Jaime's Reviews > Mrs. Kennedy and Me: An Intimate Memoir

Mrs. Kennedy and Me by Clint Hill
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's review
Jun 05, 2012

really liked it
Read in May, 2012

Like many Americans, I have a mild interest in the Kennedy family. With the popularity of Mad Men and the renewed interest in the 1950's and 60's era, Mrs. Kennedy and Me is a well-timed release for summer reading.

Clint Hill, the Secret Service agent assigned to Mrs. Kennedy during her stay in the White House, gives his recollections and personal observations while in her service. It was fascinating to read about the actual logistics of the Secret Service at a time without cell phones and high speed connections.

The book also offers a brief glimpse at the upper echelons of American society. We learn a bit about Mrs. Kennedy's childhood and the opportunities she had. Mr. Hill goes into detail when describing her various trips abroad. He categorizes the book in chronological order, which is helpful in understanding the culmination of her years as First Lady.

We read about the fantastic crowds that would form whenever the First Lady would arrive. She received lavish gifts and even animals from foreign dignitaries. Though Mrs. Kennedy didn't spend vast amounts of time in Washington, her motto seemed to be "Quality, not quantity". She hit the mark when throwing a dinner or arranging a party and always showed up in a stunning dress. The press and the people couldn't get enough of her.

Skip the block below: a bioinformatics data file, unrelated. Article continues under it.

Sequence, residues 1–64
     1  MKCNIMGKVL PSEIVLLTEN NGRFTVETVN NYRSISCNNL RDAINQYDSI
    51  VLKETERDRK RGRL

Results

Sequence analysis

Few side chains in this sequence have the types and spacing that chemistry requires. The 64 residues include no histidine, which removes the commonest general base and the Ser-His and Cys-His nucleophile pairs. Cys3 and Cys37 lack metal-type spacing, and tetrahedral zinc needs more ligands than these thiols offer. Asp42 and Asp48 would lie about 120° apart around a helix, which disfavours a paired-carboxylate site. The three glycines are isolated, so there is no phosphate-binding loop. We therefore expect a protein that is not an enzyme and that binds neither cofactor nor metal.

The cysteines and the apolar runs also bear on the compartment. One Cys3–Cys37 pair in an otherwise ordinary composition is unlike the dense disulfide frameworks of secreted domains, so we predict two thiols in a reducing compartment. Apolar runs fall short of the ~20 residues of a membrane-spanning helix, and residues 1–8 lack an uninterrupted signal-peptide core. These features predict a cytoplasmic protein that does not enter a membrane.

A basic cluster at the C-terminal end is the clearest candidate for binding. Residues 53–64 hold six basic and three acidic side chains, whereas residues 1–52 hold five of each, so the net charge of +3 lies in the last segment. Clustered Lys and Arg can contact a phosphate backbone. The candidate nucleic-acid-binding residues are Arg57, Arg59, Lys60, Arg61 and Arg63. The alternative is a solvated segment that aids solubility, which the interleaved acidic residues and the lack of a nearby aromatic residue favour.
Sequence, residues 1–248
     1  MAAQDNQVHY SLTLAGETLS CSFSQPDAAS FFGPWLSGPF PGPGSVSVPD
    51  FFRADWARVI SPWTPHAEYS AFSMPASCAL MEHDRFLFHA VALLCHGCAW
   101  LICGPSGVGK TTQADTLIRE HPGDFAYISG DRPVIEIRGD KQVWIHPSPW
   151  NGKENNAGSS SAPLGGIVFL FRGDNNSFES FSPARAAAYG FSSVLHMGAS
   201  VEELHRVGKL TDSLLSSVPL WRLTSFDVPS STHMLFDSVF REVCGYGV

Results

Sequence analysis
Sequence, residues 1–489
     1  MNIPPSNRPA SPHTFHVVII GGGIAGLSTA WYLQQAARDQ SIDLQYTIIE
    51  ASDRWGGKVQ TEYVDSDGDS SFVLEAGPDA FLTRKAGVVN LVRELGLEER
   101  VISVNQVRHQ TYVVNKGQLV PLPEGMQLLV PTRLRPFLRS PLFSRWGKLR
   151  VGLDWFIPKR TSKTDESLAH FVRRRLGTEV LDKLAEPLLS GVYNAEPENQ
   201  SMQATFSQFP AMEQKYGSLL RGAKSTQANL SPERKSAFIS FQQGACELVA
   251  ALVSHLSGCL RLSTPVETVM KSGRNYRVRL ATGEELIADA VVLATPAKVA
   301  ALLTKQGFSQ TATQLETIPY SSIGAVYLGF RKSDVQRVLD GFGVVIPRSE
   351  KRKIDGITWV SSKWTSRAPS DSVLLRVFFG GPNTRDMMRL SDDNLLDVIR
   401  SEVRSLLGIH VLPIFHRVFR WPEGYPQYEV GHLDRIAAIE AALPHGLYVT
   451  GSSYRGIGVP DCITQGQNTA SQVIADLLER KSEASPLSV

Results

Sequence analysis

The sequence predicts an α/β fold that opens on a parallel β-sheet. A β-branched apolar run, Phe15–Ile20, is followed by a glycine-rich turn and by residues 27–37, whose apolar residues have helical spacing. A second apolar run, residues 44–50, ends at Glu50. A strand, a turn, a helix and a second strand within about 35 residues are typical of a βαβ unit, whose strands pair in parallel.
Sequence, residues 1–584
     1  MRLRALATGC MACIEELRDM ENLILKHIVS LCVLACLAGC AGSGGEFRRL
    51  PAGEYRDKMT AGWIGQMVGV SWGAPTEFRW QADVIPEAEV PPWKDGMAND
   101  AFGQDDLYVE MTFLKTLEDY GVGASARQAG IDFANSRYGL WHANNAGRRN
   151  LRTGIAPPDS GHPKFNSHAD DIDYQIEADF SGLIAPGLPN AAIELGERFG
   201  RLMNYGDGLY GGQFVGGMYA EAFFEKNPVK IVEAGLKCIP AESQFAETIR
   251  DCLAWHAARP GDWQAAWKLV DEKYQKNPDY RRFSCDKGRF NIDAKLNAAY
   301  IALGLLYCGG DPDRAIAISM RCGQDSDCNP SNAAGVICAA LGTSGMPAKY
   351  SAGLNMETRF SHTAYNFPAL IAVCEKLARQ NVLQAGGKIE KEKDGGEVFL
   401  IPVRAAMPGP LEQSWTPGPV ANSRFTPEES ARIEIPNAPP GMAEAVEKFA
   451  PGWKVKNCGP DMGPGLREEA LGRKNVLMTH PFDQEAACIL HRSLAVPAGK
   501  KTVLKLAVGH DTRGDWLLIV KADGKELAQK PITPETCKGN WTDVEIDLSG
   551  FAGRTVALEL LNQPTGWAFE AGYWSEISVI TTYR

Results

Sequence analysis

The last year of the Kennedy presidency was rife with tragedy. Mr. Hill doesn't leave out the death of baby Patrick. He treats the scene with dignity and honesty. Nor does he insert himself unduly into the situation. It's apparent he's not a professional writer but just a guy who was just doing his job.

The last quarter of the book takes us up through the terrible assassination of the President. As Mrs. Kennedy was with him at the time, Clint Hill was there,too. He spends a lot of time describing the preparations of that fateful Dallas trip, the procession of the motorcade, and the awful events that unfolded; always with a careful eye toward Mrs. Kennedy.

Clint Hill stayed with Mrs. Kennedy for another year following her husband's assassination. He kindly helped aid her in the transition back to civilian life, though we all know there's no going back to normalcy. Again, the book is filled with many interesting insights into that particular time that only Mr. Hill could really provide.

I usually don't read books that I feel are terribly intrusive. I was hesitant to pick this one up but I was relieved to find out Mr. Hill didn't seem to have any hidden agendas. I got the feeling that this book was cathartic for him to write and his feelings for the Kennedys were genuine and of a very positive nature. As I stated before, he's not a professional writer so there are times when the flow isn't quite right. It's even to forgive, though, in light of the topics covered.
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